Cities large and small are buying in to the Smart Cities movement, addressing the challenges of increasing urbanization using data and technology. Women in particular are prominently positioned as leaders in the movement, seeking to create more livable, efficient and sustainable cities through their technical, business and civic know-how.
As more and more people flood into cities worldwide, local governments are being called upon to help provide more services such as healthcare, economic development, infrastructure and safety to their burgeoning populations.
At the same time, the state of technology multiplies exponentially the amount of data being collected—as well as the possibilities of what can be done with this data. Continue reading →
In this fourth and final post celebrating Women’s History Month, I will highlight another AT&T scientist who I was privileged to cover early in my career as a writer. Though I worked in Media Relations at AT&T Bell Laboratories from 1987 to 1990, I did not meet Leslie Guth until after I had left the Labs to begin freelancing.
Then, in 1991, I interviewed her for an article in Woman Engineer magazine. Guth had arrived at the Bell Labs Engineering Research Center in 1984, fresh from earning her Ph.D. in Materials Science and Engineering Continue reading →
In honor of Women’s History Month, this is the third in a series of posts on some of the accomplished women scientists and engineers I have had the privilege of interacting with throughout my career. Back in 1986, I interviewed almost a dozen women working in fields related to lasers for an article in Lasers & Applications magazine.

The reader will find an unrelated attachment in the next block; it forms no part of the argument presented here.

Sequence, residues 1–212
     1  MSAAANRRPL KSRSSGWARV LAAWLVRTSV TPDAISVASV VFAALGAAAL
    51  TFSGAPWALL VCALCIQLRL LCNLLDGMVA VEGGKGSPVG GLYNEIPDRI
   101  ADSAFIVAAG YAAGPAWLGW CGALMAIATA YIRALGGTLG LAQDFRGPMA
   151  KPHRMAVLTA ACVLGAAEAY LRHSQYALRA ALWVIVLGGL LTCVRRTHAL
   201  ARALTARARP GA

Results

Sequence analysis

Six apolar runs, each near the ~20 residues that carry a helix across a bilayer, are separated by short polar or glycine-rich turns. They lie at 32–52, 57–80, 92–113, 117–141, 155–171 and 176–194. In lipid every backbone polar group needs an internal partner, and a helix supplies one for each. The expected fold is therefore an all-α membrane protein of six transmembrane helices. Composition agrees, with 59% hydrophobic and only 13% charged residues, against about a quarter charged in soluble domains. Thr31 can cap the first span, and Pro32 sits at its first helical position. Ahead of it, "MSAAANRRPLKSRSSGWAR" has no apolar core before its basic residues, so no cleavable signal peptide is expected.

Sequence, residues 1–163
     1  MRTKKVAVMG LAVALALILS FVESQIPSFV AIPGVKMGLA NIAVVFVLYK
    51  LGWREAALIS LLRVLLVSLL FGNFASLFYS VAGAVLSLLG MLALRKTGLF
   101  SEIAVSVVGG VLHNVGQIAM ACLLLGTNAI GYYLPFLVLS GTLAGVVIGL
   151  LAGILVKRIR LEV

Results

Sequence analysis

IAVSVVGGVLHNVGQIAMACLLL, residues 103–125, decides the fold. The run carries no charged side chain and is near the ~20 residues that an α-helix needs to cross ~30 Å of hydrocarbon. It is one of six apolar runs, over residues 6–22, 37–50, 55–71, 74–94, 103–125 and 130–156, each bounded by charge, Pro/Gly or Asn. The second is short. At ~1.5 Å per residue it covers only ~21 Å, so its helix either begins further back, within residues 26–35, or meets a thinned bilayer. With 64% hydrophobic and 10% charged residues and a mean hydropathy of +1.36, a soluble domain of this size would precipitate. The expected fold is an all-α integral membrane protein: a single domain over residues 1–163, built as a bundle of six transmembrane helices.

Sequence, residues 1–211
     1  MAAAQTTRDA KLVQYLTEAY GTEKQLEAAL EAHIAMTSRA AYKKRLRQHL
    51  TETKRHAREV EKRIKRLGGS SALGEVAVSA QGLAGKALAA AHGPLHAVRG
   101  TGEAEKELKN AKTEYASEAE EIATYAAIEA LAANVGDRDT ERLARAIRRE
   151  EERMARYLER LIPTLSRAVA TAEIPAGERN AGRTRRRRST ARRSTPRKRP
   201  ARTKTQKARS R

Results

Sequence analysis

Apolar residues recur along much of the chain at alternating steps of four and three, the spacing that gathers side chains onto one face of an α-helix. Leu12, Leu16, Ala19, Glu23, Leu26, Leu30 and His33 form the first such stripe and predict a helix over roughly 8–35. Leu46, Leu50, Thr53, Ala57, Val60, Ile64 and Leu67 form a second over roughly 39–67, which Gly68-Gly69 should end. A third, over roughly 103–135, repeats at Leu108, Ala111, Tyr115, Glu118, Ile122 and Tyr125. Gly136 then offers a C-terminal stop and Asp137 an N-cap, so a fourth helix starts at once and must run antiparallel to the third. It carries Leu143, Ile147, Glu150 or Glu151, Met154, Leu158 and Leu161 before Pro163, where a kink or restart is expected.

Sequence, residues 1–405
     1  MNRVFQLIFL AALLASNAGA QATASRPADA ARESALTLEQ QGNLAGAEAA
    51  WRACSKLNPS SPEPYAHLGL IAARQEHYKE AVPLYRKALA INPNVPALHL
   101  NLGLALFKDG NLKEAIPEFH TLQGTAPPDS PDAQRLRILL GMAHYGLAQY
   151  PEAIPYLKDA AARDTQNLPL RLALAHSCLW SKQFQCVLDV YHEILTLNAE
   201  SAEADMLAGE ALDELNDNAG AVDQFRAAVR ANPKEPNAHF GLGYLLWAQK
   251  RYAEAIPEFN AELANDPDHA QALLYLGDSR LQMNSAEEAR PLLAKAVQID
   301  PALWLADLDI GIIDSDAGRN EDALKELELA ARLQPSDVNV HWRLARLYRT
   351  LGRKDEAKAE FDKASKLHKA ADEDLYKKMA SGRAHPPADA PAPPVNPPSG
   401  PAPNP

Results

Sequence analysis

Today I focus on another of these women, Suzanne R. Nagel, an engineer at AT&T Bell Laboratories in the area of fiber optics.
Suzanne R. Nagel, Ph.D.
Without her, you wouldn’t be reading this online. No, she didn’t invent the internet. But she helped make it possible to create the first transoceanic fiber optic cable, leading to today’s high-speed data transmission that makes our world-wide internet service possible. Continue reading →
In today’s manufacturing world, 3D printers (3DP) bring a lot of buzz to product announcements, trade shows and Kickstarter challenges. Ditto for the tech geek space.
But the breathless push for a 3D printer in every home, like the 70s quest for a computer on every desk, may detract from the real industrial revolution in additive manufacturing (AM). Continue reading →
In a recent Wall Street Journal article, Diana Middleton writes about a trend in M.B.A. programs to rev up students’ writing skills by hiring special coaches.
Successful written communication is hard to quantify, although readers know it when they see it. According to one measure, the Graduate Management Admission Test (GMAT) essay, scores dropped significantly in the past three years. Continue reading →